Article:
Why work together?

Dick Pirozzolo, principal of Pirozzolo Company Public Relations, believes that adapting a skill set with critical thinking is imperative to beat the competition.

“Too often, PR professionals focus on media relations, speaking engagements, white papers, bylined articles and other reputation-building efforts, without fully incorporating the Website into the public relations program.”

Graphic designers possess knowledge in website coding and design, video and page editing programs, photography and animation. Public relations specialists must embrace and integrate these skills into their own ideas if they are to remain competitive.

Graphic designers often ignore the art of writing; something public relations specialists recognize is essential to the success of clear communication.

“You can write something,” Pirozzolo says. “This does not take a journalism degree.” Graphic designers “ought to be able to write a breaking news story in less than 30 minutes–not perfectly, but getting most of the basics such as determining what facts are important, spelling names correctly and grammar.”

Graphic designers must learn to follow current events, be aware of their surroundings, and adapt quickly.


We must be advocates for one another.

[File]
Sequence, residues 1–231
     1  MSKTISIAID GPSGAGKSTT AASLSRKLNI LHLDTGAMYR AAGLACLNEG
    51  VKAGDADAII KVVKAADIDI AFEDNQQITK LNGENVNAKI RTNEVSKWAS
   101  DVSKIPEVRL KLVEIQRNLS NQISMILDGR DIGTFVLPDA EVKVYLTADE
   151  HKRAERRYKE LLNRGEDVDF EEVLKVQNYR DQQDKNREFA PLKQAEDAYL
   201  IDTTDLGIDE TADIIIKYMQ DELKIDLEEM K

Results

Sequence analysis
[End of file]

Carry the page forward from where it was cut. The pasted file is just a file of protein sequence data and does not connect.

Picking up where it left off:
Design in the round vs. Design dictated down

A public relations specialist may not be an expert in color theory, or a graphic designer may not be an expert in relationship building, but understanding each other’s process is crucial. Working together to learn about a target audience, asking questions, and sharing perspectives will help both graphic designers and public relations specialists become better communicators and succeed in their message goals. After all, isn’t that what both want?


Don’t Mess with the Brand

The impact of poor communication betGap logo changeween graphic design and public relations professionals is apparent by the not-so-long-ago Gap clothing store gaffe. On Oct. 5, 2010, Gap swapped their decades-old white-on-navy blue logo without saying a word. The new logo provoked a firestorm of criticism from the advertising and design industry, angering fans, and inciting thousands of negative comments online. One week later, Gap withdrew its redesigned logo. One has to wonder if the communications departments took any time at all to collaborate. Not only did Gap fail to reach out to its primary publics before the initial rollout, but Gap also failed to recognize the consequences of changing something as prominent as a logo. If Gap’s public relations and graphic design team had been working together, the fiasco could have been avoided.

If words lack dynamic visuals, or imagery lacks a clear voice, then the impact of a message becomes cloudy and is tuned out by a media-saturated society. The professions of graphic design and public relations must partner together to achieve clear and concise communication of a client’s goals and objectives.

We live in a world where appearances can make or break the future of a business, where trends change constantly, and fresh ideas are in high demand. Communication professionals must be aware of these changes, and possess the adaptability and imagination to stay ahead. The only way to do so is to do it together.